Top factors internal medicine residents look for in a job

November 19, 2016
Don Weis
Don Weis

Don Weis, senior vice president, Cejka Search

The growing shortage of primary care physicians, which is projected to reach 35,600 by 2025 according to the Association of American Medical Colleges, is creating extraordinary competition among healthcare organizations seeking to hire internal medicine doctors.

The growing shortage of primary care physicians, which is projected to reach 35,600 by 2025 according to the Association of American Medical Colleges, is creating extraordinary competition among healthcare organizations seeking to hire internal medicine doctors.

 

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The recruitment market for internal medicine physicians is so competitive that employers who want to attract the best talent must be creative in the design of their new hire packages and extremely responsive to physicians during the interviewing and hiring process.

To help identify those aspects of an employment offer that are most effective in recruiting, Cejka Search conducted a survey in October 2016 of 102 internal medicine physicians completing residency in 2017. Here’s what we found:

Compensation expectations

·       The median annual compensation expectation among respondents was $236,104.

·       The majority (62%) of residents expected signing bonuses to be between $10,000 and $25,000, with the remainder expecting $26,000 or more.

 

Further reading: Tips for physicians to earn secondary incomes

 

·       When considering an opportunity, “location” and “compensation” (64% and 62% respectively) were more important than “type of practice” and “family needs” (40% and 35% respectively).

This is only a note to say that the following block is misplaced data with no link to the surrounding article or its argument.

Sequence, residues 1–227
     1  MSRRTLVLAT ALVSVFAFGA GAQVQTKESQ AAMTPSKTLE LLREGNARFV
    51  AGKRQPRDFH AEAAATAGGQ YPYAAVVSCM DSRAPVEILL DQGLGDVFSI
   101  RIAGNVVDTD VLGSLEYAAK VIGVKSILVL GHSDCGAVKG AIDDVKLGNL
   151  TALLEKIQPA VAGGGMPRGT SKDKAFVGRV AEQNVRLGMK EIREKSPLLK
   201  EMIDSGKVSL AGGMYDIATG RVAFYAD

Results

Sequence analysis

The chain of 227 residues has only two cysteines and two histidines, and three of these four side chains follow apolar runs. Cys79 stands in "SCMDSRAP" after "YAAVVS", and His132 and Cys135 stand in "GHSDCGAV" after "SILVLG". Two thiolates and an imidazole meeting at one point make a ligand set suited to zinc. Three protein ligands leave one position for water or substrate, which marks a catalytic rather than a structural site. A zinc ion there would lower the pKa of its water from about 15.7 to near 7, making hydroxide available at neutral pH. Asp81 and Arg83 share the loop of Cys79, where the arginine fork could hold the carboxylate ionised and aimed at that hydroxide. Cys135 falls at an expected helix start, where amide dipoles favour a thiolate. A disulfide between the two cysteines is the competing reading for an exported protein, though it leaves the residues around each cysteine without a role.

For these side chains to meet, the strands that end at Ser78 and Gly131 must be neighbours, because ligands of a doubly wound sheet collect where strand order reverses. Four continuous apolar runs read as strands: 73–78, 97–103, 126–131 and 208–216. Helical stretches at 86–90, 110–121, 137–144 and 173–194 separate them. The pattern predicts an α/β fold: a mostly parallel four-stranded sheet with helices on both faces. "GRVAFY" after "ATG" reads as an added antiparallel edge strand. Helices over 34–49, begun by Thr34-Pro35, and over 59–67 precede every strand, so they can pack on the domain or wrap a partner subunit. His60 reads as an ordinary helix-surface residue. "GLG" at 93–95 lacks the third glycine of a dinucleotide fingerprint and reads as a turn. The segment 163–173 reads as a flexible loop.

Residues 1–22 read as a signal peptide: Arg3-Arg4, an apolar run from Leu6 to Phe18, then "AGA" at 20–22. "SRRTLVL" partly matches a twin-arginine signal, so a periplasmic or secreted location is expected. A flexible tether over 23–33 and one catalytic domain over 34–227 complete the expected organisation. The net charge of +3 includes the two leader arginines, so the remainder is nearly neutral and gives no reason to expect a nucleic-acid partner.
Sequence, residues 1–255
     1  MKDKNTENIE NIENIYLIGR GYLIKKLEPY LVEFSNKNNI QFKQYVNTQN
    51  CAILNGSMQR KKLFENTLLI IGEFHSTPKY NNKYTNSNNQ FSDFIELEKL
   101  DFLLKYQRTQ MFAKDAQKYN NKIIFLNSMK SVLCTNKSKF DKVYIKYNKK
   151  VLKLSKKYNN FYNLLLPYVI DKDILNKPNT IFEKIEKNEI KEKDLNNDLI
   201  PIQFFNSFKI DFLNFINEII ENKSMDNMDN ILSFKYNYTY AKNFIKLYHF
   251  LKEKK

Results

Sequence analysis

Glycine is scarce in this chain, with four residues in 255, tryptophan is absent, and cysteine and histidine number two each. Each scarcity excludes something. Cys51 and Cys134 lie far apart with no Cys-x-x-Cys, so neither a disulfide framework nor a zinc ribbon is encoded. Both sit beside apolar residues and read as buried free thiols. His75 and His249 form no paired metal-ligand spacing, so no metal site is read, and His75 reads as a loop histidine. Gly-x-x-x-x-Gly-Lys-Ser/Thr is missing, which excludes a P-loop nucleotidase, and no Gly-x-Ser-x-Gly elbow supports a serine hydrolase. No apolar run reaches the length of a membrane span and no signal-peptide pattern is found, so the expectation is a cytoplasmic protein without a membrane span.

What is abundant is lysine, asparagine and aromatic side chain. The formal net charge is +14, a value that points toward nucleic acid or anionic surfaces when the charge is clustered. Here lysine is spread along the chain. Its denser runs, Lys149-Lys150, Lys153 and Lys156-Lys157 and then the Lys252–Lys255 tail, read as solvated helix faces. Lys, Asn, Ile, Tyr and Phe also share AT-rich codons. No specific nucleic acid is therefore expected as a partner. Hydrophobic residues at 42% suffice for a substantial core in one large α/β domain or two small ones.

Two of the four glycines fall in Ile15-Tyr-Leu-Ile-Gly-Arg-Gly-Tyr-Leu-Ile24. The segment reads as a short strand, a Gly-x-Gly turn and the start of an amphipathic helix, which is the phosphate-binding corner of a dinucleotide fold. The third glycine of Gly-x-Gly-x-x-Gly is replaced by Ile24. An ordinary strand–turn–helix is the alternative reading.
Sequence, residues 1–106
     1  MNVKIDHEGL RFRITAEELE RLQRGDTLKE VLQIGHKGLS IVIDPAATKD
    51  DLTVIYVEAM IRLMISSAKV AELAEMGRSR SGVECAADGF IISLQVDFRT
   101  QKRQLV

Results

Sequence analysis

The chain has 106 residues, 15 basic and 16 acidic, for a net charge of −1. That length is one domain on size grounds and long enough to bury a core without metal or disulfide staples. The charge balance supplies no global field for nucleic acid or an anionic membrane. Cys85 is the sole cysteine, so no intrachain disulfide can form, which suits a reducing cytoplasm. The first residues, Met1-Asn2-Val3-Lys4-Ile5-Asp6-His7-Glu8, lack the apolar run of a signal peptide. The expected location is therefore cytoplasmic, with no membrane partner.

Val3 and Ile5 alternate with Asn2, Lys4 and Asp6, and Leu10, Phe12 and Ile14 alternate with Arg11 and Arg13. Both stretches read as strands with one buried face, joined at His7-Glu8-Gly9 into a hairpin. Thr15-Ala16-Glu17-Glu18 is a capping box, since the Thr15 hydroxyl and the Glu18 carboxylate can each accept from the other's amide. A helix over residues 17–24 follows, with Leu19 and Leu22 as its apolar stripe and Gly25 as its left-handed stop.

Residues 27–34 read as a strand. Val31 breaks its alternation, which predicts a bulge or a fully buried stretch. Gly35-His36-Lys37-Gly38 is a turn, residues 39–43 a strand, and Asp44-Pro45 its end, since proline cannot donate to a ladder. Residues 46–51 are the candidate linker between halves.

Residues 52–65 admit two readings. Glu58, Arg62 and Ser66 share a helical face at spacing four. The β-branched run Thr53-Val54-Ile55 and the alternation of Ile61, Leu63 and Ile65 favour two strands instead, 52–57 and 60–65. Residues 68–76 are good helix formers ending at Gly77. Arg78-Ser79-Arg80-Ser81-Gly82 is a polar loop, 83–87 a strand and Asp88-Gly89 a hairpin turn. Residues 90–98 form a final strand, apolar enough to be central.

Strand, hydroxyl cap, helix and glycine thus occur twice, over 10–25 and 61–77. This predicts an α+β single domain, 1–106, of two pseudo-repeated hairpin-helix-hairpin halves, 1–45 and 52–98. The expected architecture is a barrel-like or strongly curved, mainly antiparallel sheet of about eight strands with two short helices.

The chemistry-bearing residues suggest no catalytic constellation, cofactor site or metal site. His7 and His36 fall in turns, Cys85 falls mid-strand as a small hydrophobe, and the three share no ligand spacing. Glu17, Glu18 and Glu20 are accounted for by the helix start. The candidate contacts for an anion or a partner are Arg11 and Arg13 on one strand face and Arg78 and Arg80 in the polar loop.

Most-desired practice locations

·       The largest portion of internal medicine physicians (53%) selected hospital as their preferred practice location, followed by multi-specialty group (43%), health system (29%), single-specialty group (27%), and integrated delivery system (25%).

·       In terms of community preference, 52% selected suburban, 45% urban and 3% said rural.

·       The U.S. states in which respondents were most interested in practicing are: Colorado (27%), California (25%), Texas (20%), Florida (19%), and New York (19%).

·       “Being close to family” is the primary reason respondents want to practice in a certain location (71%).

Next: Most important benefits and incentives

 

Most important benefits and incentives

·       The single most important benefit to internal medicine physicians when considering a practice opportunity was profit sharing (important or very important among 52% of respondents), followed by life insurance (45%) and relocation assistance (41%).

 

Further reading: Could your family live on $50K a year if you died?

 

·       The five most important incentives were: call pay (80%), signing bonus (68%), production incentive (67%), time to partnership (56%) and a four-day work week (54%). Temporary housing (46%), part-time arrangements (41%), and job sharing (37%) were also attractive incentives to a large portion of respondents.

Benefits or incentives that entice an IM physician to consider a less-desirable location

·       Increased compensation (69%)

·       Shorter work schedule (44%)

·       Better call schedule (36%)

·       Additional signing bonus (34%)

·       Higher production bonus (31%)

The results show that there are several important factors, in addition to compensation, that influence whether an internal medicine physician will accept a position.  A geographic region where physicians have personal ties and opportunities for improved work life balance, such as shorter work schedules and better call schedules play an important role, especially when competing for talent in high demand and short supply. 

Remember, the shortage means that employers are “competing” for talent. Therefore, organizations that put as much emphasis on courting candidates as they do screening them have a higher rate of hiring success.

Providing candidates in the interview process with prompt feedback, personalizing the experience for those invited for a facility visit, and offering honest and clear information regarding the position and expectations are all advisable for employers seeking to secure their top picks for internal medicine physicians.